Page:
Synchro Puffin

Synchro Puffin should be a new Animal Olympics sport. Or should that be Animalympics? Maybe not, that was a cartoon.

Puffin - The Hall of Einar - photograph (c) David Bailey (not the)

These two were doing a great job of beating their wings in time. People naturally walk in step with one another after a few paces. It gives a feeling of common purpose and enables easier signalling and communication without heads bobbing at different times. It’s also great for pair bonding; try holding hands while walking out of step and you’ll soon fall in step or release hands. It’s particularly amusing watching partners of very different heights trying to walk in step, with tall men taking tiny steps and short women taking giant strides.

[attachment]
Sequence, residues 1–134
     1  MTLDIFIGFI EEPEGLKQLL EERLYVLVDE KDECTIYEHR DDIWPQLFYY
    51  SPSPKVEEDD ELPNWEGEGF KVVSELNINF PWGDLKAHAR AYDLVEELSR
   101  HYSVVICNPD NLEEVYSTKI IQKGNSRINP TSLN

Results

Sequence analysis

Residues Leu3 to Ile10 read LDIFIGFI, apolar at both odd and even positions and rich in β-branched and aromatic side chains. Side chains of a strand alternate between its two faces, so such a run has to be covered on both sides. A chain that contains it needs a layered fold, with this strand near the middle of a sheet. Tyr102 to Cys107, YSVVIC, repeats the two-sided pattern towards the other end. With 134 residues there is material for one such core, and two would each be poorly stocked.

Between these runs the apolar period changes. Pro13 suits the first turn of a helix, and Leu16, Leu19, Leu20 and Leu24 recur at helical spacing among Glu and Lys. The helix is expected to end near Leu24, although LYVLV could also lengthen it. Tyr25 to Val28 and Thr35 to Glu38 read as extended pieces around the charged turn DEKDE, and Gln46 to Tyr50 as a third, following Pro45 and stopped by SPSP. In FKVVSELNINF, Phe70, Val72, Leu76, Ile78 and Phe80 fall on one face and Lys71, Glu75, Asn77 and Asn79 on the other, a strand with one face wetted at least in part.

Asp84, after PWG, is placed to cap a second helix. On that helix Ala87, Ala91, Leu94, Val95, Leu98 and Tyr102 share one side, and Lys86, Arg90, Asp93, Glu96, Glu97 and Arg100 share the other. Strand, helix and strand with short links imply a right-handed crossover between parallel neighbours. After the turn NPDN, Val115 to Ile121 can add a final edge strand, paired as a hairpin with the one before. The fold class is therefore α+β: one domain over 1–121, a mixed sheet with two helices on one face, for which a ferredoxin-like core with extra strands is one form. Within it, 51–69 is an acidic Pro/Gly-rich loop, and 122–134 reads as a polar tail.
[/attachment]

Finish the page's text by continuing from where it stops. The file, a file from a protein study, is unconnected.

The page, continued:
Birds also synchronise wingbeats when they are following one another. They can sense minute changes in air pressure and beat their wings in the invisible path of the previous bird.

Puffin - The Hall of Einar - photograph (c) David Bailey (not the)

It makes flying easier when you beat down with the downwash and up with the upwash that the lead bird has created.

Puffin - The Hall of Einar - photograph (c) David Bailey (not the)

Following someone else’s moving air is an aerodynamic ploy Olympic cyclists would recognise. It’s hard to imagine that air is actually there, we move so easily through it, but imagine it was like treacle for a moment and you’d soon adapt your strategy to get through it by following someone else moving it out of the way for you.

Birds; far more sophisticated than we might think.

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